Global Witness welcomes President Sirleaf’s decision to cancel all forest concession agreements.

9th February 2006

Global Witness welcomes President Sirleaf’s decision to cancel all forest concession agreements.

9 February 2006

Global Witness (1) welcomes the decision by newly elected Liberian President Ellen Johnson-Sirleaf to adopt the recommendations and report of the Forest Concession Review Committee (2) which recommend the cancellation of all logging concessions. This decision marks a positive step in the critical reform process to break the historical link between the Liberian logging industry, conflict and regional instability (3), and to ensure that the forests are managed for the benefit of the Liberian people (4).

"Given the links between some of the logging companies and the recent conflict, and broader problems associated with concession systems, the significance of this step cannot be overestimated," said Natalie Ashworth, Global Witness campaigner. (5)

The United Nations Security Council imposed sanctions on Liberian timber in 2003 because of the role of the industry in fuelling conflict. Sanctions were renewed most recently in December 2005.

Global Witness investigations in September 2005 showed that despite the improved security situation, the government of Liberia has not yet gained control over Liberia’s forest territory and border regions, as required under United Nations Security Council Resolution 1521.

"If UN sanctions are to be lifted, the United Nations Mission in Liberia (UNMIL) must provide greater support to the Forestry Development Authority - the agency in charge of the management of Liberia’s forests - to ensure that it is able to operate in a secure environment, " says Ashworth.

Research by Global Witness has shown that the concession system has been thoroughly discredited, not only in Liberia but in other countries including Cambodia, Indonesia, Cameroon and the Democratic Republic of Congo. The Forestry Reform Monitoring Committee should now undertake a comprehensive assessment of the full range of values of Liberia’s forests and consider all available management options. To proceed on the unquestioning assumption that industrial logging concessions are required to kick-start the economy would cast aside an opportunity to avoid the mistakes made in other post-conflict tropical countries.

"President Sirleaf’s decision has shown a welcome resolve to break from the past," says Natalie Ashworth. “Mechanisms now need to be put in place to ensure lasting security and to prevent timber exploitation from contributing to conflict again in the future.”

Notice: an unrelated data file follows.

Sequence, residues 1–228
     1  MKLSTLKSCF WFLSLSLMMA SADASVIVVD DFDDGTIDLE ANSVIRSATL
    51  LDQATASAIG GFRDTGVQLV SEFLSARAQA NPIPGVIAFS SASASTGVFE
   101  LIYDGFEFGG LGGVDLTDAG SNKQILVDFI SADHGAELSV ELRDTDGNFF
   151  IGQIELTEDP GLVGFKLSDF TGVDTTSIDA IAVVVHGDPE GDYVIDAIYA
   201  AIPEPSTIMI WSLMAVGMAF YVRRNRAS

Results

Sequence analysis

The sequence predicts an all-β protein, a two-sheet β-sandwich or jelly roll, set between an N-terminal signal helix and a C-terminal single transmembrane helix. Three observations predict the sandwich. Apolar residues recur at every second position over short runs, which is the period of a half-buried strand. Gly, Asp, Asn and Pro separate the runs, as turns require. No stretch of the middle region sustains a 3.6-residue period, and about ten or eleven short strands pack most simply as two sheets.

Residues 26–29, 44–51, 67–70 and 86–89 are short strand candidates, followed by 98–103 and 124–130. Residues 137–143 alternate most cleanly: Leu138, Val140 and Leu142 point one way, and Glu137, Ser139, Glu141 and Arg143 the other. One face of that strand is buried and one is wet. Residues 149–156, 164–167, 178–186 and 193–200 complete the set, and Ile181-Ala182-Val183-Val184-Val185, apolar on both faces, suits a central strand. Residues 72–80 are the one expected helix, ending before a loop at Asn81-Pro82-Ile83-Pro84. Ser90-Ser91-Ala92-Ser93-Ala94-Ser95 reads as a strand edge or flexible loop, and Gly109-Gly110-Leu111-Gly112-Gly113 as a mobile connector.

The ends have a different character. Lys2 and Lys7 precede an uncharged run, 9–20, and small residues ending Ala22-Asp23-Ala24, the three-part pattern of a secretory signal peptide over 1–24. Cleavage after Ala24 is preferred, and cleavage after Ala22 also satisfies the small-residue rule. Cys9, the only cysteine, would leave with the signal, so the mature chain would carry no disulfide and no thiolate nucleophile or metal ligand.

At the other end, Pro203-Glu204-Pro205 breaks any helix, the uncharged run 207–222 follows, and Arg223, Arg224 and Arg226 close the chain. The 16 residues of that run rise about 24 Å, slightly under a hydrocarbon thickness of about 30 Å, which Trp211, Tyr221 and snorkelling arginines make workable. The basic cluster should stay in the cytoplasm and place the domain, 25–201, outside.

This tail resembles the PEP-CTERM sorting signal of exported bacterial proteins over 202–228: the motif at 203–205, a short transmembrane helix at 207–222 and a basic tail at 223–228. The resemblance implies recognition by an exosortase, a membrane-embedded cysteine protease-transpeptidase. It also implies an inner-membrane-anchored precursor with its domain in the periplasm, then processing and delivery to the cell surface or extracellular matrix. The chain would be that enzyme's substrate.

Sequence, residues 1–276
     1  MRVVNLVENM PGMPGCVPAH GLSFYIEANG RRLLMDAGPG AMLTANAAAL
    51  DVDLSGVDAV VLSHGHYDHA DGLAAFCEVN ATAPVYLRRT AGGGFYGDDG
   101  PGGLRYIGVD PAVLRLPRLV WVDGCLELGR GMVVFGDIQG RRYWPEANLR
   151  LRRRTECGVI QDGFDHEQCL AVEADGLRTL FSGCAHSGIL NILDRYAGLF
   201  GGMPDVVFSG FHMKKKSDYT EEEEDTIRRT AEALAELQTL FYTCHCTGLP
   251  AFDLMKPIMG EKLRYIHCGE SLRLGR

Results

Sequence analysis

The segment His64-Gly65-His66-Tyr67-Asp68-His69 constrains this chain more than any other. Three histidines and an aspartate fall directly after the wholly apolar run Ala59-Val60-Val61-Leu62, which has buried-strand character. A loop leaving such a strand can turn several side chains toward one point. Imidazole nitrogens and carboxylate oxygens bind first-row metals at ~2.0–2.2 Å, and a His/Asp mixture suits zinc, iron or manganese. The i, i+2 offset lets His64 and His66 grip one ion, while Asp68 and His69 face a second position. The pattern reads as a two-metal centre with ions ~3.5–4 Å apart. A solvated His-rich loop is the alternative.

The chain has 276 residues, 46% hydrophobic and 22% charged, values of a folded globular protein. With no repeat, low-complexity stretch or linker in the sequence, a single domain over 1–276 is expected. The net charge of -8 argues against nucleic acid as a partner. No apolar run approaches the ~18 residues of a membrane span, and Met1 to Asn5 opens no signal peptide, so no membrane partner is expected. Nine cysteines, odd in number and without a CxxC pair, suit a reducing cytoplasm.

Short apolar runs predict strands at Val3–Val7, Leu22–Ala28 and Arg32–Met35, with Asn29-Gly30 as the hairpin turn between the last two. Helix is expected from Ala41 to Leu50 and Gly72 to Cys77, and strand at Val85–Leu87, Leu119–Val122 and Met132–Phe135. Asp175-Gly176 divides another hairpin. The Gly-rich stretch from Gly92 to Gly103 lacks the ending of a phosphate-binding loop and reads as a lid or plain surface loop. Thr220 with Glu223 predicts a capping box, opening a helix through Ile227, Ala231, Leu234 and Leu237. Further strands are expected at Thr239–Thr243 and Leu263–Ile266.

For press inquiries on Liberia please contact Natalie Ashworth of Global Witness at +44 (0)20 7561 6369, nashworth@globalwitness.org

(1) Global Witness is an investigative non-governmental organisation that focuses on the links between natural resource exploitation and conflict and was co-nominated for the 2003 Nobel Peace Prize. For more information on Liberia, see Global Witness reports and briefing documents, available at www.globalwitness.org

(2) On 7 February 2006 the President adopted the recommendations of the "Report of the Forest Concession Review, Committee Forest Concession Review - Phase 3, 31 May 2005". The Forest Concession Review Committee comprised members of Liberian civil society, government agencies, the United States government, the United Nations Mission in Liberia (UNMIL) and the European Commission. The objective of the review was to determine which logging concessionaires had operated within the rule of the law and to make recommendations for reforms.

(3) Liberia’s timber industry fuelled conflict, widespread human rights abuses and destabilisation in West Africa, through supporting former President Charles Taylor’s National Patriotic Front for Liberia (NPFL) rebellion in the 1990s and rebel groups in Sierra Leone and Côte d’Ivoire.

(4) This is a requirement of the 1986 Constitution.

(5) None of the companies passed the first threshold of the concession review. The companies had either no legal identity, were not in possession of a valid concession contract, had been involved in the conflict, or a combination of the above.